The end of the novel coronavirus pandemic is potentially drawing near and people should therefore step up efforts to prevent any further spread, the chief of the World Health Organization said Wednesday.
"We are not there yet. But the end is in sight," WHO Director-General Tedros Adhanom Ghebreyesus told a press conference, noting that the tally of COVID-19 deaths last week fell to a level seen in March 2020.
According to the U.N. health agency, the number of COVID deaths from Sept. 5 to 11 stood at 10,935 worldwide, down 22 percent from a week earlier. New infections for the week plummeted 28 percent to 3.13 million.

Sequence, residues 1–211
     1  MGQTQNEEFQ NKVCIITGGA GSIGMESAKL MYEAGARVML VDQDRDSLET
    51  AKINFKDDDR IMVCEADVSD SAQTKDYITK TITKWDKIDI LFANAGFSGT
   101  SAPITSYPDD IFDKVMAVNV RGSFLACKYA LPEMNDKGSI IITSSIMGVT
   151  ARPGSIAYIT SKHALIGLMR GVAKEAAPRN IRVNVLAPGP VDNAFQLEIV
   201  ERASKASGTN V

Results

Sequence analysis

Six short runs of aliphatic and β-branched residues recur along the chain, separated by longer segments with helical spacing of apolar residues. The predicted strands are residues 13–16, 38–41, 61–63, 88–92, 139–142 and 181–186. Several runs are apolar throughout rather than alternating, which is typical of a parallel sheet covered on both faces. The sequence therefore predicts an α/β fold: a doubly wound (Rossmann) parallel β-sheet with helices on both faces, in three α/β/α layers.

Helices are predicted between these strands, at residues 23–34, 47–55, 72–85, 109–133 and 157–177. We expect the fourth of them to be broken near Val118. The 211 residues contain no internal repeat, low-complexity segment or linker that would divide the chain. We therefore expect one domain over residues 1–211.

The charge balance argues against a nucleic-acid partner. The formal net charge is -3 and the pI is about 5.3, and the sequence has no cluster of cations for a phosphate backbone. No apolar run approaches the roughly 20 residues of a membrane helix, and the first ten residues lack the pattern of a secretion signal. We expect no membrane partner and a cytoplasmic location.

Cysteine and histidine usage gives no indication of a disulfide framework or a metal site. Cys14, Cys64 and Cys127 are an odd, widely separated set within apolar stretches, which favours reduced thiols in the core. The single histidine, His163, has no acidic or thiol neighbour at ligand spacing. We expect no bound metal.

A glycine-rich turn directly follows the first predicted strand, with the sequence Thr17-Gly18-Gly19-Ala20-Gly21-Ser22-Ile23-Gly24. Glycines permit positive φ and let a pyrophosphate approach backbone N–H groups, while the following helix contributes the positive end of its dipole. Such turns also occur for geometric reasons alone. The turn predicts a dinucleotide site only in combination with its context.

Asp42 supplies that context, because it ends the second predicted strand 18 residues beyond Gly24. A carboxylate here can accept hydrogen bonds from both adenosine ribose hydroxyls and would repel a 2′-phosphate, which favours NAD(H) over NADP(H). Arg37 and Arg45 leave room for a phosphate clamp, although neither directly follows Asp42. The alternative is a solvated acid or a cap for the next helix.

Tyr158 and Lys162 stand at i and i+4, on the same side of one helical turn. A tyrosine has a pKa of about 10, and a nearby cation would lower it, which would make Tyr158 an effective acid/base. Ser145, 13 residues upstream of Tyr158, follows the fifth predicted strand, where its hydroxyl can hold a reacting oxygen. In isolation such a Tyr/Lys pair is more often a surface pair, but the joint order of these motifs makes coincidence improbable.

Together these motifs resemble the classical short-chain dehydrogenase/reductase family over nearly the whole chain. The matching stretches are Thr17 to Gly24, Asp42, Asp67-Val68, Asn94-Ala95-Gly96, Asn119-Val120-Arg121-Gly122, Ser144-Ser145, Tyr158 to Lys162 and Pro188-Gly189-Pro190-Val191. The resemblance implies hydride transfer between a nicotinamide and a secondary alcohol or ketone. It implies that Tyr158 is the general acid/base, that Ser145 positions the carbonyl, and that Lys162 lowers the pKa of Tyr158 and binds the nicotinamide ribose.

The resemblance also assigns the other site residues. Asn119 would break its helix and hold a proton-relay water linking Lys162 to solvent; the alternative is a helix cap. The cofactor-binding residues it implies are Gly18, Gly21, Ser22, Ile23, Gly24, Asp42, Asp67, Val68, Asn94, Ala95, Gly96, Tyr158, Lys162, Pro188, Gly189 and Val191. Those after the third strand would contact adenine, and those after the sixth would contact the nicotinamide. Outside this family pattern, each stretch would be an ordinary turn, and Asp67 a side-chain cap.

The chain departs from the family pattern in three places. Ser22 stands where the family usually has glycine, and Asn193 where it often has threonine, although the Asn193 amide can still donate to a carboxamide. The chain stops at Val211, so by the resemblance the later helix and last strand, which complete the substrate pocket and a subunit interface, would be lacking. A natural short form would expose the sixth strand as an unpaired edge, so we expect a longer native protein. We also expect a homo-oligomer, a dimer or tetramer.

"We can see the finish line. We're in a winning position," he said.
Tedros urged people to increase their vigilance toward containing the virus, comparing the situation to that of a marathon runner who "runs harder" when the finish line comes into view.
If the world does not take the opportunity to end the pandemic now, there is still risk that more variants of the virus will develop, leading to increases in death rates as well as ongoing disruptions and uncertainty, he said.
Tedros demanded that current arrangements to provide virus tests and gene analyses be maintained and that anti-COVID inoculation efforts accelerate in areas where vaccination rates remain low.
The virus was first discovered in the central Chinese city of Wuhan in December 2019 and the WHO declared a global pandemic in March 2020.